Social media can spread false information, making people more against immigration. This can lead to tougher immigration laws, which might make you think twice about moving to a place where you might not feel welcome.

If you have the skills and choices, you might be extra careful about choosing a country with a lot of anti-immigration talk.

Cultural Affinities and Community Presence

Cultural and social factors play a big part in deciding to move. Social norms and cultural customs can either make you want to stay put or push you to look for opportunities elsewhere. Discriminatory policies and practices based on these norms can either keep people where they are or force them to look for a safer place.

As societies change, choosing to move rather than having to become more common. This can happen when new ideas and values come back from people who’ve lived abroad. Social networks are super important because they give you the info and help you cross borders and settle into new places.

Family is a big reason people move, too. Parents might go to give their kids better schools or young people might leave to get a higher education. If a community in the new country already shares your culture, it can make moving there a lot easier and help you feel at home.

Top Countries in Europe for South Africans

Portugal: Golden Visa Program and Climate Appeal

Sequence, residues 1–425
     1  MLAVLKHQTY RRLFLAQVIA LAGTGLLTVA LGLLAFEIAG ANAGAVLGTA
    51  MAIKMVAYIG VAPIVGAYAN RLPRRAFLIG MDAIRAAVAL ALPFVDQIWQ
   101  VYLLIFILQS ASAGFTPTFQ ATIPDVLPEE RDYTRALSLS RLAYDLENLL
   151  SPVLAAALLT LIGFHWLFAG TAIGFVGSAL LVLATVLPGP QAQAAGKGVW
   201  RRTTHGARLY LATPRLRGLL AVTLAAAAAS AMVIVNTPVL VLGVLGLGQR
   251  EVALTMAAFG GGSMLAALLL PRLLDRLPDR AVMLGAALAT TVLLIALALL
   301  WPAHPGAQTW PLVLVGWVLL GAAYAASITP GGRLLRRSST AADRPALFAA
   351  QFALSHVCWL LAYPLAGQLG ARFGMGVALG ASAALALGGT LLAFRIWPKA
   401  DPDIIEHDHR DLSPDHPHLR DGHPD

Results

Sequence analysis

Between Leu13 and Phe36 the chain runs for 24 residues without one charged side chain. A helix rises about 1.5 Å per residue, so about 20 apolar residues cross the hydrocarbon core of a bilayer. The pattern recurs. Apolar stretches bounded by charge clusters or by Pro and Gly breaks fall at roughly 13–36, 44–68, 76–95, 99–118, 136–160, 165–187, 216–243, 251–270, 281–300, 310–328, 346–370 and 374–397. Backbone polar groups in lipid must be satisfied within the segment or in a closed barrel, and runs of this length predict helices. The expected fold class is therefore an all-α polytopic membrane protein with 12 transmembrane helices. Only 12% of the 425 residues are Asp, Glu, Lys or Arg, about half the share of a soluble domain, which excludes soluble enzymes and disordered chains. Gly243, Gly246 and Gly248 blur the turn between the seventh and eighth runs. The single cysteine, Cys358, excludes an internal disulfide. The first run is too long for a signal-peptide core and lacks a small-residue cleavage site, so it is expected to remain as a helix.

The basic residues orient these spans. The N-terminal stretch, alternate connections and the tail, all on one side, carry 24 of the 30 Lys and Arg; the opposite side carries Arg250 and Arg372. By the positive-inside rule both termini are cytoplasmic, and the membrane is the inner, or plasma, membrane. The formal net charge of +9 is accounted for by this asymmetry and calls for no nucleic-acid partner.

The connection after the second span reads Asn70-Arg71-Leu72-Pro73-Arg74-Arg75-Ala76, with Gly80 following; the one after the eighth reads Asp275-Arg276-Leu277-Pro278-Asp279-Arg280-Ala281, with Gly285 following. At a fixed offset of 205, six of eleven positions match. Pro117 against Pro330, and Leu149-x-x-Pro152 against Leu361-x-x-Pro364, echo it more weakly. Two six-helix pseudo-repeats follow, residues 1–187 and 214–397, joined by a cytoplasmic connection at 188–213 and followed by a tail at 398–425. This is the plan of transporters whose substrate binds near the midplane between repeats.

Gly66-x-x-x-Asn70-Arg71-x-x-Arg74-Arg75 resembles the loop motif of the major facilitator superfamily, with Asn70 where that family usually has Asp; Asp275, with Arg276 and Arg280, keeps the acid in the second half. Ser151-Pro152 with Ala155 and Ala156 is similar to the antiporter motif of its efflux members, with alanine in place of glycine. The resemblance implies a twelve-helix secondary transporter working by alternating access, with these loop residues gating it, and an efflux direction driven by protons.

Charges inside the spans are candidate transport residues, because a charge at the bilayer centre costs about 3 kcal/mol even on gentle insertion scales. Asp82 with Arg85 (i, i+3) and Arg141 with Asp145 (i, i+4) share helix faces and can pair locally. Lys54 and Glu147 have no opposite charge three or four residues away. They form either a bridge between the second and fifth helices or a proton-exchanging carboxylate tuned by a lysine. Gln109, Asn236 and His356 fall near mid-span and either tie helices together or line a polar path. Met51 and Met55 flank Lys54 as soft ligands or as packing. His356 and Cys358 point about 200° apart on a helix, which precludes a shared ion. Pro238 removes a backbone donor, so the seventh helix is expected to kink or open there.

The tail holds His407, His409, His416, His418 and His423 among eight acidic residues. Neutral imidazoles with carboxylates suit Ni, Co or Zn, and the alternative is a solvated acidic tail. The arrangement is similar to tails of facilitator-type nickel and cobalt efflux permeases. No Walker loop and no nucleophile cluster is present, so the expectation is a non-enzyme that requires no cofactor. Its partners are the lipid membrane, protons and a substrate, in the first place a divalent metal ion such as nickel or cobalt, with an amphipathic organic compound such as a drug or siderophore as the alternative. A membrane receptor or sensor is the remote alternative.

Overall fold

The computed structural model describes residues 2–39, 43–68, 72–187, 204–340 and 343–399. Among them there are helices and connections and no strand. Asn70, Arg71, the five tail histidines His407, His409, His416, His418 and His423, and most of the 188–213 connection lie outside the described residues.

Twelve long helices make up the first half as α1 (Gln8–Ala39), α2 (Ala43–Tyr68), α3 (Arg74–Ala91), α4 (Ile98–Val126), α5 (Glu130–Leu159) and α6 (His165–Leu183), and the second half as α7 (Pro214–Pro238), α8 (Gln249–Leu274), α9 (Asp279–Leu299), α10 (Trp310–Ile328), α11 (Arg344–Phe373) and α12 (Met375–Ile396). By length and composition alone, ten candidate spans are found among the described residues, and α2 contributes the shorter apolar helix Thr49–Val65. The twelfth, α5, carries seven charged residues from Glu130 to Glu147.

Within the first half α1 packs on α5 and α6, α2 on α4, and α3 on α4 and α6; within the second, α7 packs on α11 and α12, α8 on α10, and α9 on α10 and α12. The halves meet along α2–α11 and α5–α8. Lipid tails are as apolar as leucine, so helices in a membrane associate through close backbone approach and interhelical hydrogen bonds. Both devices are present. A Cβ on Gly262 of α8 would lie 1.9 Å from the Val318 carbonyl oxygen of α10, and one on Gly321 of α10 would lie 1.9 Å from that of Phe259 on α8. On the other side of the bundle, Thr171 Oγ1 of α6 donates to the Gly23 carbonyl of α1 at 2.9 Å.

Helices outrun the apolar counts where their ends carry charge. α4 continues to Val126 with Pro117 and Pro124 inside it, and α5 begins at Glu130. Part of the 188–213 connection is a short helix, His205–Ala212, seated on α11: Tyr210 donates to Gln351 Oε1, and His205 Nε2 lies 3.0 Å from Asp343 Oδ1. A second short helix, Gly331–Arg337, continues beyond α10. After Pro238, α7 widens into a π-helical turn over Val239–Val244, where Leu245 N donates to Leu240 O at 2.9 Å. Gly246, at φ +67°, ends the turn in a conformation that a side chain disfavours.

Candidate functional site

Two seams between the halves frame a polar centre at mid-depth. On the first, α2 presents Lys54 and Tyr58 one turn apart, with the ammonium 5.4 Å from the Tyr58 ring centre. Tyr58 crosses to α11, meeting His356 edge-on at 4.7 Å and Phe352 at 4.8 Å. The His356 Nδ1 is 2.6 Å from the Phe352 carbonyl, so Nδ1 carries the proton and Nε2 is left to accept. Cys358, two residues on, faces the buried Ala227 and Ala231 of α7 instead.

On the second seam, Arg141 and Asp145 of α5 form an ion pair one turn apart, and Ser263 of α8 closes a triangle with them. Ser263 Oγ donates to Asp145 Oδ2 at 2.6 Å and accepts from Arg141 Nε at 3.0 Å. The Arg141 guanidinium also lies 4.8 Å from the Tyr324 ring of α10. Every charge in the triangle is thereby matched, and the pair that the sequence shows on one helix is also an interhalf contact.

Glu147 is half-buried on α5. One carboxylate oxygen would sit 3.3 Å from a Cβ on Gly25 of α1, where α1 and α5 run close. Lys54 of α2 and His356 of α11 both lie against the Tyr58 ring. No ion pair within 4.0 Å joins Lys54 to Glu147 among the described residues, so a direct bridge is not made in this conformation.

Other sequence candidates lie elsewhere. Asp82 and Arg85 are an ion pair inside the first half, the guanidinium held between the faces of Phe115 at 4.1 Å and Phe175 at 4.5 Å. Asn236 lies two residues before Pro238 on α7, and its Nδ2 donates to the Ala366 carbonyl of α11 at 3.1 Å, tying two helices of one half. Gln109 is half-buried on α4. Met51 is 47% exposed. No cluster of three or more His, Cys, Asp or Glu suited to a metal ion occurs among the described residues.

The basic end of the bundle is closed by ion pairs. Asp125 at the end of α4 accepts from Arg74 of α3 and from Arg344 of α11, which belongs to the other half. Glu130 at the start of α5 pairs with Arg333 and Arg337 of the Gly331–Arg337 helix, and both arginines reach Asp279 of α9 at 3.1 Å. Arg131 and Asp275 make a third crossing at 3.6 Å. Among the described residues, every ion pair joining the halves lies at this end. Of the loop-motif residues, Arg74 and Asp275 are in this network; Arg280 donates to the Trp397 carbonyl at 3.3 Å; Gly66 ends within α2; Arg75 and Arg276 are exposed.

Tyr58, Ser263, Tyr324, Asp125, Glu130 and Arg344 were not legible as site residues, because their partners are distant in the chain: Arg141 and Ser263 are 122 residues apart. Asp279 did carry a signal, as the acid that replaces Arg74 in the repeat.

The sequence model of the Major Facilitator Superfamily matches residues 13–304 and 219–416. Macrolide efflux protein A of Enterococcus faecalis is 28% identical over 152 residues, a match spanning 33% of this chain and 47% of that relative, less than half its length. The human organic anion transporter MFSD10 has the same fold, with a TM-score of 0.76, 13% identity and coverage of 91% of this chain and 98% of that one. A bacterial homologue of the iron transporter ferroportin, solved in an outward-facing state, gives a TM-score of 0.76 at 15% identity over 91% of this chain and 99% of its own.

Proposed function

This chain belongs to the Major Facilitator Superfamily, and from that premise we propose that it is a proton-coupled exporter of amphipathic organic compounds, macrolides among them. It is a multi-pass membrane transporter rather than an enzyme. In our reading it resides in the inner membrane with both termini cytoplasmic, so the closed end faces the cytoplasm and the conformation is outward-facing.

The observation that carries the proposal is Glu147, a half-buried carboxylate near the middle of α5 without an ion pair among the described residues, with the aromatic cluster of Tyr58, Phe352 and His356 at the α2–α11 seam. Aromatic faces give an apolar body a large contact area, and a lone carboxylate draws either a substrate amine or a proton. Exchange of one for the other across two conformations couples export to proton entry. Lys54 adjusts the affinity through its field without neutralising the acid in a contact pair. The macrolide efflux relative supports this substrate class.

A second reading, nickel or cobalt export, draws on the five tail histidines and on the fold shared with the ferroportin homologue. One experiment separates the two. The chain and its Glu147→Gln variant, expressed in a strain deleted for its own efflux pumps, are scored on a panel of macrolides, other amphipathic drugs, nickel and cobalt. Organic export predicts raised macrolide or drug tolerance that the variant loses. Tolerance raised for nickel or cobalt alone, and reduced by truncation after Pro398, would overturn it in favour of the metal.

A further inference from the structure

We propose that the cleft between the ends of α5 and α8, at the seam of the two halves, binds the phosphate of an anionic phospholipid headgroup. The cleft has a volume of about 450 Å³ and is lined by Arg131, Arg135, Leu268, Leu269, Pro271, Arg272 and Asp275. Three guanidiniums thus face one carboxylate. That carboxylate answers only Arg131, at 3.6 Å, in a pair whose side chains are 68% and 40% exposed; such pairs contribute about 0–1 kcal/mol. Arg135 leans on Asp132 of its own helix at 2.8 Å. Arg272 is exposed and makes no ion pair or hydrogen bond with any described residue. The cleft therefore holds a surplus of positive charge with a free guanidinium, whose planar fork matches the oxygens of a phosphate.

Portugal has become a favored destination for South Africans due to its Golden Visa Program. Since its inception in 2012, the program has been a popular route to residency and, potentially, permanent residence or citizenship after five years.

The appeal of the program includes a minimal requirement for time spent in the country and a work and residence permit, which suits those not intending to reside in Portugal year-round. Investment options for obtaining the Golden Visa have evolved, and since October 2023, property investments have been no longer eligible. However, alternatives such as investing in venture capital funds, scientific research, and job creation remain viable.

These investment avenues provide the opportunity to live, work, and study in Portugal and extend these rights to immediate family members. The nation’s political stability, expanding economy, and high living standards are significant incentives. The climate, characterized by gentle winters and warm summers, further enhances Portugal’s allure.

The Non-Habitual Resident (NHR) tax regime offers beneficial tax conditions, although it’s set to expire for new applicants post-2023. To secure the Golden Visa, one must select an investment, obtain a Portuguese tax number, and open a bank account locally. While there are application and processing fees, the benefits, including educational access and Schengen Area travel rights, are compelling. South African expatriates often gravitate towards Lisbon, Porto, and the Algarve for their urban and scenic offerings.